Who knew? We've just had a health and safety warning about the use of stepladders. According to the briefing, control must be exercised over who uses them and the appropriate permits must be completed before use. The person authorising use and the person actually clambering up must risk assess the task and complete a form to show that all the safety checks have been made. Over the next few weeks: how not to boil the kettle and pour the contents all over the nearest computer How not to smack the side of the face when lifting the phone receiver Calculators: how repetitive adding can cause RSI and ultimately death Inhaling permanent marker pens and brain damage Photocopying of buttocks causes cancer
A male team member has caused uproar in office dynamics this weeks as it transpires that for his (newish) girlfriend's birthday, he has booked a romantic dinner in a chi chi restaurant (not Waggamamas!), a coat (that she had hinted at) and her favourite flowers which had to be ordered from Denmark.
This information was wheedled out of him by a female colleague and then subjected to scrutiny. Without wishing to stereotype, (our sample is not statistically valid), the females were impressed and men aghast.
Tutting, head shaking and sharp intakes of breath preceded dire warnings of 'setting the bar too high'.
Men: take note: by the time his standards have dropped, they'll either be fully committed or history. In the meantime 10/10 for effort and no doubt he will reap his full reward.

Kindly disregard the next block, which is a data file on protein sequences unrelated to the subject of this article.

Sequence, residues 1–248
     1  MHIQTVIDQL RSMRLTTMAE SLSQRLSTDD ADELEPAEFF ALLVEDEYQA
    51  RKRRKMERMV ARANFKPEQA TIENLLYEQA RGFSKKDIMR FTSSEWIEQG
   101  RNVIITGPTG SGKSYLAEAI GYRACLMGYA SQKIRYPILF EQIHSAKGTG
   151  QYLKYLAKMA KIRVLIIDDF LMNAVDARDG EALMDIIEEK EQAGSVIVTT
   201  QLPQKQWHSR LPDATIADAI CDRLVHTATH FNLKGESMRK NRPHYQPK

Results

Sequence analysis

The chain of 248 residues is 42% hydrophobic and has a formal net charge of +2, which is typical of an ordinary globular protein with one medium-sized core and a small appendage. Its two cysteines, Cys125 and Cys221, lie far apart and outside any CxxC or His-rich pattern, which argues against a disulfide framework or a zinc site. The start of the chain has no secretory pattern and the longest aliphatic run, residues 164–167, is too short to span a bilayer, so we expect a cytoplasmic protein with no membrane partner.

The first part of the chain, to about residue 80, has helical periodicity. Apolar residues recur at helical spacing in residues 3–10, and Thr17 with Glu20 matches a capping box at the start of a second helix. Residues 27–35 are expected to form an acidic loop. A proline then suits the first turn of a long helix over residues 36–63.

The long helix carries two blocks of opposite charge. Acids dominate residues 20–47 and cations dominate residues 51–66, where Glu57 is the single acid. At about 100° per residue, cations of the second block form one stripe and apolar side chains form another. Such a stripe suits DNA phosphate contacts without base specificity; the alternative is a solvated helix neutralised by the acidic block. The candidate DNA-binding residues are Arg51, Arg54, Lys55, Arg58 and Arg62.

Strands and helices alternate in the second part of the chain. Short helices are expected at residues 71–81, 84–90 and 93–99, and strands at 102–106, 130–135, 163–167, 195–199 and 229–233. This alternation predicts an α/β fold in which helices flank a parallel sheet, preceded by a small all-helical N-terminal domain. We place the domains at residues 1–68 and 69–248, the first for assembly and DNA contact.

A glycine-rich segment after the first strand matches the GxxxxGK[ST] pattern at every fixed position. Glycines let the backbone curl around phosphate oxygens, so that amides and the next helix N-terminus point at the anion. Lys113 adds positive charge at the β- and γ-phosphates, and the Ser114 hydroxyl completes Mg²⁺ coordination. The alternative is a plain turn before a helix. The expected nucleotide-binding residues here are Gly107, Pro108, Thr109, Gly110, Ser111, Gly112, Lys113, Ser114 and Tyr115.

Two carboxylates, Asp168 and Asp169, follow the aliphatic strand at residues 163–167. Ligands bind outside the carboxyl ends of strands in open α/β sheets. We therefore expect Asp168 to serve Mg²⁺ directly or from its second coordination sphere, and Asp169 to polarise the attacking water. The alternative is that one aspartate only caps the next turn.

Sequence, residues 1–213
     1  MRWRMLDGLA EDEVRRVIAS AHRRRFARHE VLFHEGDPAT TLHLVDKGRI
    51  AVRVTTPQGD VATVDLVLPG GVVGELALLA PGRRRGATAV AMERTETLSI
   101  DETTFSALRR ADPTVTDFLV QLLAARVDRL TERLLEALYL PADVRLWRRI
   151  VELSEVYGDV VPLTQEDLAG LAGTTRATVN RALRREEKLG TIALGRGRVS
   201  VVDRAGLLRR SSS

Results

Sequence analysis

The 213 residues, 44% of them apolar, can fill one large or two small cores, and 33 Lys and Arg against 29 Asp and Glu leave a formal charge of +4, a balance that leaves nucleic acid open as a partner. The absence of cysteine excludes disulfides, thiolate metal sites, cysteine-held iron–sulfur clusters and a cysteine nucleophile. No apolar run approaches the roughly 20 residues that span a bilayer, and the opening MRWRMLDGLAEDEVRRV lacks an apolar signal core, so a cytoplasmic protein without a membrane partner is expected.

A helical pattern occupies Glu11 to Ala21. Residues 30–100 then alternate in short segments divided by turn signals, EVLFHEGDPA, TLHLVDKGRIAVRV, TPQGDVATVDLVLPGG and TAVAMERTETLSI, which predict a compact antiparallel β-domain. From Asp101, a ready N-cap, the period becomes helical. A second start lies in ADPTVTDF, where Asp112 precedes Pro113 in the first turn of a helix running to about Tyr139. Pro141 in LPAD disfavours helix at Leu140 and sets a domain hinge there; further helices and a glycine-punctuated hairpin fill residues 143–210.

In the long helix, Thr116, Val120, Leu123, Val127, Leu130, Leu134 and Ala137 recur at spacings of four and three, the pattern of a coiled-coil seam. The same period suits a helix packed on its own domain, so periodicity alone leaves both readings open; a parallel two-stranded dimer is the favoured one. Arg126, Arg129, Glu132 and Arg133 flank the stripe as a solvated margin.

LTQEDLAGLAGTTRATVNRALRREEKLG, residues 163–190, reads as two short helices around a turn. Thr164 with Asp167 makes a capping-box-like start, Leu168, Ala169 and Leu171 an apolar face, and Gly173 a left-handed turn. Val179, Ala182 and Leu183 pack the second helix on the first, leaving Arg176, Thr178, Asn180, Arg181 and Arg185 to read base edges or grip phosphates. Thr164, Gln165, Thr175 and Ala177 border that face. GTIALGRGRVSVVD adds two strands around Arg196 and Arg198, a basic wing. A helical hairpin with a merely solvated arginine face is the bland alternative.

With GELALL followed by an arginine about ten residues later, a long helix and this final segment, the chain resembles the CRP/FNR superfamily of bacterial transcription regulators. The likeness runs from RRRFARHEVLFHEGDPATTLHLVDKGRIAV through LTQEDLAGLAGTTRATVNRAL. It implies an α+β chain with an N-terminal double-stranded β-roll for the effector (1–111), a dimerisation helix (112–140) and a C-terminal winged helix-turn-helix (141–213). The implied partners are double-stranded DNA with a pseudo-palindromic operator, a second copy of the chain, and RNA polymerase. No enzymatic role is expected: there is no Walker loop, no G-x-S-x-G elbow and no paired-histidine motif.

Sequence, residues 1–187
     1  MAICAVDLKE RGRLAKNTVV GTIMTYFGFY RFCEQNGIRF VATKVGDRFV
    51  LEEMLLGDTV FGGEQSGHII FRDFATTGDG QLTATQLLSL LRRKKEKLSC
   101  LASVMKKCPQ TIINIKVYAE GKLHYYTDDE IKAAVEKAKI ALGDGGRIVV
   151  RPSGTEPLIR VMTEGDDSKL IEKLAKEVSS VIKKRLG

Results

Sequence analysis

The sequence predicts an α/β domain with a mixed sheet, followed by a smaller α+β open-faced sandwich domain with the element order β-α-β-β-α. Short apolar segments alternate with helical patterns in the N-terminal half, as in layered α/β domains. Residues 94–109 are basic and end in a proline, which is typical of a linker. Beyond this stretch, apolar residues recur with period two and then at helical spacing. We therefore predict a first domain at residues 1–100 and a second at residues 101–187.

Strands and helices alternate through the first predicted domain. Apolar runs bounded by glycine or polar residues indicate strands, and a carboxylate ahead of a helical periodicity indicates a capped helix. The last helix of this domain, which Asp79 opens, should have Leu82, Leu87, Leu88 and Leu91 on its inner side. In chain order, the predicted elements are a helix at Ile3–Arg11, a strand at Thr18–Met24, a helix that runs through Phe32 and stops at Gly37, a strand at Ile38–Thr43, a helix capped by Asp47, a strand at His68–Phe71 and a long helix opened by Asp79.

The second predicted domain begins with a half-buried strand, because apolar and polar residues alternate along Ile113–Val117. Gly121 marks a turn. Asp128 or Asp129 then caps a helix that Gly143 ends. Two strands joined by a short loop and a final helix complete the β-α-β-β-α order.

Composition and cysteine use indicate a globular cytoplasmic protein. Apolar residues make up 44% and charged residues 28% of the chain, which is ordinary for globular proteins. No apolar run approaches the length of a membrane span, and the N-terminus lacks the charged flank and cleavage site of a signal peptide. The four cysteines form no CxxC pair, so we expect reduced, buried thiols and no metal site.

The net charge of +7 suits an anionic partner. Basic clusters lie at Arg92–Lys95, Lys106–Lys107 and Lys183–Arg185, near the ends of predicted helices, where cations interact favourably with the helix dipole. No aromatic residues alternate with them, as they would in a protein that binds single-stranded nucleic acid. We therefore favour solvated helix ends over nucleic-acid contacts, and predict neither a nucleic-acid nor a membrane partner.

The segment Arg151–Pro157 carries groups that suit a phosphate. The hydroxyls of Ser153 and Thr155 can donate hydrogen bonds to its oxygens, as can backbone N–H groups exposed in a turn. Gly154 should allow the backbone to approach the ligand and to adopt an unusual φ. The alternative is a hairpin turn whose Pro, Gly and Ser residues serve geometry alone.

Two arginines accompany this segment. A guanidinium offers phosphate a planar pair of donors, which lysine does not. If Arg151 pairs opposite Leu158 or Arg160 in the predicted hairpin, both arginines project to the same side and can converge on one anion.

You non flower givers, garage chrysanthemum buyers or standing order slackers take note: spontaneous blooms = sex
As part of our business development offering at Ducketts, we like to go and talk to our clients’ customers, to see what they really think.
Most people are very helpful, as we explain that our client is looking to develop/improve their business and that their feedback will be very helpful. They are likely to be more candid with a 3rd party than someone they deal with direct.
The interviews tell us a number of things, including, what our client is doing well, what they could do better and how they compare with competitors. Just as importantly, they tell us, what their customers “get”, as well as the product/service that they are purchasing.
For example, recently we had the following comments:
“by using Client X, we are seen by our customers as the go to people and they don’t approach any of our competitors”